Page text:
(i) In general. The rules to determine the amount of original issue discount on a loan and the accruals of the discount are in sections 163(e), 1271 through 1275, and the regulations thereunder. In general, original issue discount is the excess of a loan's stated redemption price at maturity (all payments due under the loan other than qualified stated interest payments) over its issue price (the amount loaned). Although original issue discount generally is deductible as it accrues under section 163(e) and § 1.163-7, original issue discount on a qualified education loan is not deductible until paid. See paragraph (f)(3) of this section to determine when original issue discount is paid.
(ii) Treatment of loan origination fees by the borrower. If a loan origination fee is paid by the borrower other than for property or services provided by the lender, the fee reduces the issue price of the loan, which creates original issue discount (or additional original issue discount) on the loan in an amount equal to the fee. See § 1.1273-2(g). For an example of how a loan origination fee is taken into account, see Example 2 of paragraph (f)(4) of this section.
(3) Allocation of payments. See §§ 1.446-2(e) and 1.1275-2(a) for rules on allocating payments between interest and principal. In general, these rules treat a payment first as a payment of interest to the extent of the interest that has accrued and remains unpaid as of the date the payment is due, and second as a payment of principal. The characterization of a payment as either interest or principal under these rules applies regardless of how the parties label the payment (either as interest or principal). Accordingly, the taxpayer may deduct the portion of a payment labeled as principal that these rules treat as a payment of interest on the loan, including any portion attributable to capitalized interest or loan origination fees.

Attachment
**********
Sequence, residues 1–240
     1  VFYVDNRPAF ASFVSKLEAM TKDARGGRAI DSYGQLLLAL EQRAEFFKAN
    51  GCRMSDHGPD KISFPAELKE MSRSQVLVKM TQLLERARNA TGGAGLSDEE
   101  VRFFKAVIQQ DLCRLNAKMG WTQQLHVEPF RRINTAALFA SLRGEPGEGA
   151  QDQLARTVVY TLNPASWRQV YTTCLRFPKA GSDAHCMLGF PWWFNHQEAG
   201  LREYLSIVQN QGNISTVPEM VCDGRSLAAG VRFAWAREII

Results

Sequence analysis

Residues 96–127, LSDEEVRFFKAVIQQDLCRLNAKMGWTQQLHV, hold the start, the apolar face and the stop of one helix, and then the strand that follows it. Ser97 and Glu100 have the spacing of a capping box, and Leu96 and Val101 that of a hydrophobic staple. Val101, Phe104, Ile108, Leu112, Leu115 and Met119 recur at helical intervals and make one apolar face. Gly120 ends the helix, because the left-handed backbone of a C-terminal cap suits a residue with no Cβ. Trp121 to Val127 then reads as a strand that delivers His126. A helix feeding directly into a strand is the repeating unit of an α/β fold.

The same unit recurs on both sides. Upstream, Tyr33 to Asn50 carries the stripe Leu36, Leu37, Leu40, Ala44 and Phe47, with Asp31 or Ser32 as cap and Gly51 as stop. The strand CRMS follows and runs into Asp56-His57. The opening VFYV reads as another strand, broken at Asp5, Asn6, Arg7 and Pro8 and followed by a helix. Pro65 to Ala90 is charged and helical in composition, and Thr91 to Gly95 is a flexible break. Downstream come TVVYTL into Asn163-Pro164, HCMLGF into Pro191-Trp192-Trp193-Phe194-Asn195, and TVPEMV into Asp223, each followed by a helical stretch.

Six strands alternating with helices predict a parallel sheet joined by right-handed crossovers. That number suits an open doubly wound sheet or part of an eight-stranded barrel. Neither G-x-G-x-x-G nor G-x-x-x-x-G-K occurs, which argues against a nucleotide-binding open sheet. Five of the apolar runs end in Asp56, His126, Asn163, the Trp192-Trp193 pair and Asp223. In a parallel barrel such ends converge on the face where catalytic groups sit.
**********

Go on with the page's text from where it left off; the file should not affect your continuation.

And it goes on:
(4) Examples. The following examples illustrate the rules of this paragraph (f). In the examples, assume that the institution the student attends is an eligible educational institution, the loan is a qualified education loan, the student is legally obligated to make interest payments under the terms of the loan, and any other applicable requirements, if not otherwise specified, are fulfilled. The examples are as follows:
(g) Additional Rules -
(1) Payment of interest made during period when interest payment not required. Payments of interest on a qualified education loan to which this section is applicable are deductible even if the payments are made during a period when interest payments are not required because, for example, the loan has not yet entered repayment status or is in a period of deferment or forbearance.
(2) Denial of double benefit. No deduction is allowed under this section for any amount for which a deduction is allowable under another provision of Chapter 1 of the Internal Revenue Code. No deduction is allowed under this section for any amount for which an exclusion is allowable under section 108(f) (relating to cancellation of indebtedness).
(3) Examples. The following examples illustrate the rules of this paragraph (g). In the examples, assume that the institution the student attends is an eligible educational institution, the loan is a qualified education loan, and the student is legally obligated to make interest payments under the terms of the loan:
(h) Effective date. This section is applicable to periods governed by section 221 as amended in 2001, which relates to interest paid on a qualified education loan after December 31, 2001, in taxable years ending after December 31, 2001, and on or before December 31, 2010.